Nobody here needs reminding that the world is shrinking. But as global cuisine comes into our homes us through television and the Internet, through restaurants and pop-ups, there is a curious paradox of sameness. The more it is that everyone's eating the same sourdough, kale and quinoa. Which is heartbreaking really, because in a country like India, 50 kilometres in any direction will reveal a new cuisine, new ingredients. So how can it be that globalisation is killing our diversity?
However, we’re slowly seeing a revival of regional food — we’re seeing it in the restaurant space, with restaurants like the Bengaluru Oota Company, which specialises in Mangalorean-Gowda food; we’re seeing it with cookbooks like Archana Pidathala’s Five Morsels of Love — an Andhra cookbook that specialises in the cuisine of Rayalseema; and we’re seeing it in pop-ups like Meraki, run by two North-Eastern women in Mumbai.
Interestingly, if you google ‘make your own cookbook’, you’ll fall down a rabbit hole of sites that help you compile your recipes and print them out into a cookbook, pictures and all. This is evidence that people are now serious about preserving their family’s traditions and culinary heritage.
Cookbooks and recipe books are a tiny time capsule of a community's culinary culture. One effort that is especially close to our hearts is the Goya Cookbook Club. Here, we celebrate two things very dear to us — cookbooks and community. Every month, we pick a cookbook from a different community or theme, and we plan a potluck around it. It brings the food community together, we learn about different cuisines through their recipe books, and get to experience these culinary traditions first-hand.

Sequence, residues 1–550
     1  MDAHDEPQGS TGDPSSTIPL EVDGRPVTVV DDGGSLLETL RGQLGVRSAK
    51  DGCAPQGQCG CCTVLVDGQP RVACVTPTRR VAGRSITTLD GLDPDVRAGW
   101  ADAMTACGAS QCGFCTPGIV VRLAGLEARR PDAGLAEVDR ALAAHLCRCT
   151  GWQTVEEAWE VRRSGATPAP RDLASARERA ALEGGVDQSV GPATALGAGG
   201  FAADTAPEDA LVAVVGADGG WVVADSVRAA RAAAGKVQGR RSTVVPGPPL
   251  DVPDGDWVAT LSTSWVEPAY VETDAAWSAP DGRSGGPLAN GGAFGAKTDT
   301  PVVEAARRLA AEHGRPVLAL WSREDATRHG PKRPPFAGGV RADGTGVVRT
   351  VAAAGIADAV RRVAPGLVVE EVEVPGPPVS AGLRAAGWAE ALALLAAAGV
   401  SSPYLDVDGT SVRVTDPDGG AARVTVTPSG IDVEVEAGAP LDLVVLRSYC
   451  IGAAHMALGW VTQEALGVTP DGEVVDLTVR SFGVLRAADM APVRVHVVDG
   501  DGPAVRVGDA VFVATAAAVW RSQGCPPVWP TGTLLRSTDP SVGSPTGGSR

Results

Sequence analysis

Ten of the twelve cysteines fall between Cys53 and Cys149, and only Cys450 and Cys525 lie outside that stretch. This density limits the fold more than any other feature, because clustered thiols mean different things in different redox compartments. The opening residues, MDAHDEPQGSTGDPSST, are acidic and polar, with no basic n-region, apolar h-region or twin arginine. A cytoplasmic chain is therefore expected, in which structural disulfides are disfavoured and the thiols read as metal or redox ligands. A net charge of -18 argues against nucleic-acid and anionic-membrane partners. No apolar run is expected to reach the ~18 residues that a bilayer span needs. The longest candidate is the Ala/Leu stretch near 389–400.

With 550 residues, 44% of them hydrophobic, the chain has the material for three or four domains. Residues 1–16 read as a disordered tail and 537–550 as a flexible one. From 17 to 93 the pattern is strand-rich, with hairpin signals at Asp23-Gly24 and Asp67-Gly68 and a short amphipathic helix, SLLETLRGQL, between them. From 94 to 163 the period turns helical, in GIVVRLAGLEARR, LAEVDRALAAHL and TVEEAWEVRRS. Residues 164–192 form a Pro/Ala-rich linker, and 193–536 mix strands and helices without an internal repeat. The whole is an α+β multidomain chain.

In the 18 months that we have been running the Goya Journal, Aysha & I have met some incredible people and discovered incredible stories. One of our favourites was meeting a Parsi Professor at the Mumbai University. He has a secret passion for culinary anthropology and through his second business as a caterer, he discovered a forgotten recipe from a client visiting from abroad: the Malai par Eeda. Of course, it would make sense that Malai par Eeda is a Parsi recipe, because they like to put an egg on everything. But as our professor discovered, the Indian diaspora is a great source of forgotten recipes. They tend to hold on just a little bit tighter to heirloom recipes and traditional cooking, being so far away from the motherland.
We feel very fortunate to be here, and listen to some of the amazing stories and work that is being accomplished in your respective fields. Our job in food media is to amplify stories of people in the food industry, sharing it with a larger audience, finding as much diversity as we can, without adding to the echo chamber. This is Anisha Oommen, I am Aysha Tanya, this is our email address. Reach out to us, tell us your stories and let’s make food media stronger than ever.
YOU MAY ALSO LIKE